An artful plea for emotional acceptance. (Picture book. 5-8)

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WHEN MOLLY DREW DOGS

Imaginations run quite literally wild for a young girl.

A measured, soft voice narrates, “On the night before the first day of school, a pack of stray dogs moved into Molly Akita’s head. / They were friendly. But a bit wild.” Molly finds the only way to manage her emotions, manifested as the rowdy pups that swirl around her room, is to draw them. Quickly the pack of canines run beyond her sketchbook onto moving boxes at home as well as onto the chalkboard and work at school. Her teacher, Ms. Shepherd, gets impatient, “but Molly’s dogs were stubborn. They needed to run free.” After receiving a teacher’s note, Molly’s grandmother hires a tutor, but he too declares, “No dogs allowed!” Grasping for control and acceptance, Molly runs, trailed by her sketched dogs and getting lost in the rain, and takes shelter in a shed. Pulling out her chalk, she draws coats for her companions. They in turn protect and comfort her when she grows fearful. Molly is Japanese, as denoted by her surname and dark hair and eyes. Xu uses darkly hued colored pencils that bring a textured somber tone to the story. In a twist, when Ms. Shepherd finds Molly, she tells her a robber was scared off in the area by coat-wearing dogs. With this validation, Kerbel deftly crafts a gentle argument for more empathy for others and yourself.

An artful plea for emotional acceptance. (Picture book. 5-8)

Pub Date: Sept. 17, 2019

ISBN: 978-1-77147-338-5

Page Count: 32

Publisher: Owlkids Books

Review Posted Online: June 16, 2019

Kirkus Reviews Issue: July 1, 2019

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Perfect for those looking for a scary Halloween tale that won’t leave them with more fears than they started with. Pair with...

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CREEPY PAIR OF UNDERWEAR!

Reynolds and Brown have crafted a Halloween tale that balances a really spooky premise with the hilarity that accompanies any mention of underwear.

Jasper Rabbit needs new underwear. Plain White satisfies him until he spies them: “Creepy underwear! So creepy! So comfy! They were glorious.” The underwear of his dreams is a pair of radioactive-green briefs with a Frankenstein face on the front, the green color standing out all the more due to Brown’s choice to do the entire book in grayscale save for the underwear’s glowing green…and glow they do, as Jasper soon discovers. Despite his “I’m a big rabbit” assertion, that glow creeps him out, so he stuffs them in the hamper and dons Plain White. In the morning, though, he’s wearing green! He goes to increasing lengths to get rid of the glowing menace, but they don’t stay gone. It’s only when Jasper finally admits to himself that maybe he’s not such a big rabbit after all that he thinks of a clever solution to his fear of the dark. Brown’s illustrations keep the backgrounds and details simple so readers focus on Jasper’s every emotion, writ large on his expressive face. And careful observers will note that the underwear’s expression also changes, adding a bit more creep to the tale.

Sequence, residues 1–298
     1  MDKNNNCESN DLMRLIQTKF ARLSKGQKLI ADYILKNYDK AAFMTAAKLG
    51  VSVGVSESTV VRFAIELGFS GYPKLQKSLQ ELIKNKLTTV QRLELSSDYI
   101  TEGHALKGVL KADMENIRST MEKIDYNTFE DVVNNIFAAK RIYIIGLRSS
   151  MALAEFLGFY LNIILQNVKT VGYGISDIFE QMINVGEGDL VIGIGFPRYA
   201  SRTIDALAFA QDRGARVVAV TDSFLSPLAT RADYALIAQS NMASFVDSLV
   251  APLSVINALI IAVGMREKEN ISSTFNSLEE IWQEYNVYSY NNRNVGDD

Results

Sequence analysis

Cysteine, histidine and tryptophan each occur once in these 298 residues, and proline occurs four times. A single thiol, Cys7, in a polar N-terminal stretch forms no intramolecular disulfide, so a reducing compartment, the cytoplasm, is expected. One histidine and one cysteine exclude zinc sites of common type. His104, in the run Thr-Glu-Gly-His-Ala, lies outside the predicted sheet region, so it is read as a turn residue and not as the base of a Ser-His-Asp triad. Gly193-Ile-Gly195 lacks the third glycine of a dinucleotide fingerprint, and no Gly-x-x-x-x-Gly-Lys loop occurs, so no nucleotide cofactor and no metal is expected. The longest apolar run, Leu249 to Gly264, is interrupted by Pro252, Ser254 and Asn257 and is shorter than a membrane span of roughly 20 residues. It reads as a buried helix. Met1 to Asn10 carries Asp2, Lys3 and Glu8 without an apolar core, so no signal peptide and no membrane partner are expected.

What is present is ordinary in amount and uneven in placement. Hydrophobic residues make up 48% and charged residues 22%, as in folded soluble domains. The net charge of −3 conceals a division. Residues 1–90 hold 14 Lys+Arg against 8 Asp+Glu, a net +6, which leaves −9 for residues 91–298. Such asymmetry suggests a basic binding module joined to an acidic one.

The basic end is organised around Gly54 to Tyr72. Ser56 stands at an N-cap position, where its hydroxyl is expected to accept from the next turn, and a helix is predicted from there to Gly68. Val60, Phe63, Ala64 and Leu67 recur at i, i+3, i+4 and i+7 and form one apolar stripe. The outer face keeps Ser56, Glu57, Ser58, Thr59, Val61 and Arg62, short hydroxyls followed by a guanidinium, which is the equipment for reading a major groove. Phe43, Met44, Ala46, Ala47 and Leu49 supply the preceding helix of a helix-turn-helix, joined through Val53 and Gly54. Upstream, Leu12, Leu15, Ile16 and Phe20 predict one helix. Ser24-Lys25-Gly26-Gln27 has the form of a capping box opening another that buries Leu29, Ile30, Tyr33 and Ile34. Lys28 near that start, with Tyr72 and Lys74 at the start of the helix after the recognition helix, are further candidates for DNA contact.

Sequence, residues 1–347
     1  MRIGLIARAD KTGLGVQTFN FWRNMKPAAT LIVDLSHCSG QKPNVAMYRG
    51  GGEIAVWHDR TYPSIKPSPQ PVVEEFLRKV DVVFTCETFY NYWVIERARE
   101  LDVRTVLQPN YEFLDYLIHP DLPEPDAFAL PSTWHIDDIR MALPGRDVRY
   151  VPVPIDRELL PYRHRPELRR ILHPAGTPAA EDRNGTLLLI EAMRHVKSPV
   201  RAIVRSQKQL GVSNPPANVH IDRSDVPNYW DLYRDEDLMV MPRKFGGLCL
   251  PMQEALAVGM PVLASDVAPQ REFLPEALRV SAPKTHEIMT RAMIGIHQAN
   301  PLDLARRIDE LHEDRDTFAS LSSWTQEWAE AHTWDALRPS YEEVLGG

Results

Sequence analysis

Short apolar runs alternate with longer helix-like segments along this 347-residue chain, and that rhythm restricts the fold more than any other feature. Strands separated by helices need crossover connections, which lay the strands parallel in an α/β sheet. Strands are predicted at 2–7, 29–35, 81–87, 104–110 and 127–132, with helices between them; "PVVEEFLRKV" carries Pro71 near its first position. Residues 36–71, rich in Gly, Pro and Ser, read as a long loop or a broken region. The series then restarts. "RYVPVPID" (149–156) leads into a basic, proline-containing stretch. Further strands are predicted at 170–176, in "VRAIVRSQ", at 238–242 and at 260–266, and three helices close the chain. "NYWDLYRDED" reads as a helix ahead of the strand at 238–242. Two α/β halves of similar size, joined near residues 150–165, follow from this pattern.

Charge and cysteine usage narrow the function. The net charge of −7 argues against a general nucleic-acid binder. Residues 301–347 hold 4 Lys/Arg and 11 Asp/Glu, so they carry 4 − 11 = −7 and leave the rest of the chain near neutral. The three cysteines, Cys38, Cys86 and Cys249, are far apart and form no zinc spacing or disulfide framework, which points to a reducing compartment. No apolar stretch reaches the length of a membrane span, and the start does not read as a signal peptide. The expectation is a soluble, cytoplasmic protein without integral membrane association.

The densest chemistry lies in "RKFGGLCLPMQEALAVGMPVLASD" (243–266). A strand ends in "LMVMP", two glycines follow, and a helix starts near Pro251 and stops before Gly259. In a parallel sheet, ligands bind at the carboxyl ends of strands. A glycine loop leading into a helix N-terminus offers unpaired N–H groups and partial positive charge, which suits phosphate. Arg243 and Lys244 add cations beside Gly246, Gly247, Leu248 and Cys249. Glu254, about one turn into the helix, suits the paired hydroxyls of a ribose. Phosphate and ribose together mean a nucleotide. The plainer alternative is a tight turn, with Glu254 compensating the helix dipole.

Perfect for those looking for a scary Halloween tale that won’t leave them with more fears than they started with. Pair with Dr. Seuss’ tale of animate, empty pants. (Picture book. 5-8)

Pub Date: Aug. 22, 2017

ISBN: 978-1-4424-0298-0

Page Count: 48

Publisher: Simon & Schuster

Review Posted Online: July 15, 2017

Kirkus Reviews Issue: Aug. 1, 2017

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THE WONKY DONKEY

The print version of a knee-slapping cumulative ditty.

In the song, Smith meets a donkey on the road. It is three-legged, and so a “wonky donkey” that, on further examination, has but one eye and so is a “winky wonky donkey” with a taste for country music and therefore a “honky-tonky winky wonky donkey,” and so on to a final characterization as a “spunky hanky-panky cranky stinky-dinky lanky honky-tonky winky wonky donkey.” A free musical recording (of this version, anyway—the author’s website hints at an adults-only version of the song) is available from the publisher and elsewhere online. Even though the book has no included soundtrack, the sly, high-spirited, eye patch–sporting donkey that grins, winks, farts, and clumps its way through the song on a prosthetic metal hoof in Cowley’s informal watercolors supplies comical visual flourishes for the silly wordplay. Look for ready guffaws from young audiences, whether read or sung, though those attuned to disability stereotypes may find themselves wincing instead or as well.

Hee haw. (Picture book. 5-7)

Pub Date: May 1, 2010

ISBN: 978-0-545-26124-1

Page Count: 26

Publisher: Scholastic

Review Posted Online: Dec. 29, 2018

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